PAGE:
Ford and Mellon Foundations Expand Initiative for Disabled Artists
The Disability Futures initiative, a scholarship established by the Ford and Andrew W. Mellon Foundations last fall to support artists with disabilities, is gaining momentum. The foundations announced Friday that they will commit an additional $ 5 million to support the initiative until 2025, which will include support for two more cohorts of 20 fellows.
The scholarship, which was created by and for people with disabilities, was designed as an 18-month initiative. It has provided 20 selected artists, filmmakers and journalists with disabilities across the United States with unrestricted grants of $ 50,000 administered by the arts fundraising group United States Artists.
But Margaret Morton, director of creativity and freedom of expression at the Ford Foundation, said it was clear from the start that it couldn’t be a one-time venture.
Projects undertaken by members of the First Cohort will be showcased at the first Disability Futures virtual festival, Monday and Tuesday, with a lineup from some of the nation’s top artists, writers, thinkers and designers with disabilities. It is free and open to the public.
Highlights: A session on the portrait of disability with filmmakers Jim LeBrecht and Rodney Evans, painter Riva Lehrer and journalist Alice Wong; a conversation exploring the links between climate justice and justice for people with disabilities led by Patty Berne; and a virtual dance party hosted by clothing manufacturer Sky Cubacub, with music by DJ Who Girl (Kevin Gotkin). Also on the program are evening performances on catwalks of models wearing Cubacub’s Rebirth Garments items and a meditation experience with the Black Power Naps initiative, starring Navild Acosta and Fannie Sosa.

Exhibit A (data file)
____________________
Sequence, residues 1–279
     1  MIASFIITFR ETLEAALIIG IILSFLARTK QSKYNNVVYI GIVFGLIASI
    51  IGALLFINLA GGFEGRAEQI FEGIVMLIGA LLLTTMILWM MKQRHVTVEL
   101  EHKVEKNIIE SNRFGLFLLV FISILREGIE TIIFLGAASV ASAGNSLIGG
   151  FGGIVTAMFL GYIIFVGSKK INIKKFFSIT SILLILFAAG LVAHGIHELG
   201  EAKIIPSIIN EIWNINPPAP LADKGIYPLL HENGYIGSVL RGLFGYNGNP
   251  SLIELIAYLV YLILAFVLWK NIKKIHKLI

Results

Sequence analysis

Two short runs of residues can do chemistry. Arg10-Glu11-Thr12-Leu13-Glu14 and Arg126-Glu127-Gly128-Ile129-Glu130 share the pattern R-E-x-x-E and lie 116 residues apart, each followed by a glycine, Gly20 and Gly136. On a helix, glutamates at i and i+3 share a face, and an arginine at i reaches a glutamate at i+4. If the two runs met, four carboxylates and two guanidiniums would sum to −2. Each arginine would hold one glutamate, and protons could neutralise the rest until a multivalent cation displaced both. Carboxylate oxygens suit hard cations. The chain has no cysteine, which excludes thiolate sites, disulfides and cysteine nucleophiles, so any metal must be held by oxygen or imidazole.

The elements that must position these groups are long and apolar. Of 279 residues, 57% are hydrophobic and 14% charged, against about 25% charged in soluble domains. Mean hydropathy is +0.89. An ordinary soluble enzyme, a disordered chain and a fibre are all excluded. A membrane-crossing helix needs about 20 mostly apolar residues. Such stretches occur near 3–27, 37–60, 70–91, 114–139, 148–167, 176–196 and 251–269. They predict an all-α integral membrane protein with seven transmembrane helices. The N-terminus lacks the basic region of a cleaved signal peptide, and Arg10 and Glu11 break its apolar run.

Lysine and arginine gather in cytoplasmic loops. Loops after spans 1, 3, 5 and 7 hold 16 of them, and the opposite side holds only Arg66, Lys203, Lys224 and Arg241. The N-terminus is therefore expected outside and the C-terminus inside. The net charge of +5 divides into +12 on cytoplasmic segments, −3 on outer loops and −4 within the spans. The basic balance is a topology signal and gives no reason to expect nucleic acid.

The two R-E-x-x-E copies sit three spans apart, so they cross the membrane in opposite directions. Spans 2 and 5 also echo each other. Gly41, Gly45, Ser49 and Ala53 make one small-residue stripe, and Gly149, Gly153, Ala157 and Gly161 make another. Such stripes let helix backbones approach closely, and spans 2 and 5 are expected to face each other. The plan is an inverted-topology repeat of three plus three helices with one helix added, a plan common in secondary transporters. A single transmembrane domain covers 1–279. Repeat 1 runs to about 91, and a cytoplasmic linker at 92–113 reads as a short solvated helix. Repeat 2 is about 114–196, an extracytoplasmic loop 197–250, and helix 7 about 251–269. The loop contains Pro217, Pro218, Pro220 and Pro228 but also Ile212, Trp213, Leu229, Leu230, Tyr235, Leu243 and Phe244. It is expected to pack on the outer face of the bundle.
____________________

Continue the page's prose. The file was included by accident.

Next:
“It was really profound for me to see how interested the chosen fellows in the first cohort were in uplifting others in the community,” said Emil J. Kang, director of the arts and culture program at the Foundation. Mellon, in an interview on Thursday.
The next batch of fellows will be announced in 2022. They are chosen by peer advisers who are themselves artists with disabilities.
But the comments from First Class, Morton said, were blunt: to do even better in the selection process.
“One of the fellows challenged us,” she said, of the fact that there was only one American Indian. “And we enjoyed that and were challenged to do it right and make sure we have a deeper pool. “
Grants offer flexible compensation options. The money can be distributed in a lump sum, in installments, or even deferred, depending on what works best for the artist.
The scholarship “has made an incredible difference in my life and career,” writer and photographer Jen Deerinwater said in an email. “It allowed me more financial freedom, without risking losing my disability and health care services, to pursue more artistic pursuits such as music.
The pandemic has made foundation leaders “deeply aware” of the challenges facing professionals with disabilities, Morton said. In the United States, about one in four adults has a disability, according to the Centers for Disease Control and Prevention.
“We have gained a deeper impression and perspective on what it is like to navigate the world,” she said.
The overarching goal of the program is to help artists make connections, Morton said.
“Our biggest dream is visibility,” she said. For the public to see artists and for funders they “need to start investing in practitioners with disabilities.”
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